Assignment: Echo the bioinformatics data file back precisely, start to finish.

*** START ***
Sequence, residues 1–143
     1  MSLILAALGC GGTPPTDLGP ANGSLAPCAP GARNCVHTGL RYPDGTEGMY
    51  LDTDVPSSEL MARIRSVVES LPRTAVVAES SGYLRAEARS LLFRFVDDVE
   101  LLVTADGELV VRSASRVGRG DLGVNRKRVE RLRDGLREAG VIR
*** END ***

Sequence, residues 1–143
     1  MSLILAALGC GGTPPTDLGP ANGSLAPCAP GARNCVHTGL RYPDGTEGMY
    51  LDTDVPSSEL MARIRSVVES LPRTAVVAES SGYLRAEARS LLFRFVDDVE
   101  LLVTADGELV VRSASRVGRG DLGVNRKRVE RLRDGLREAG VIR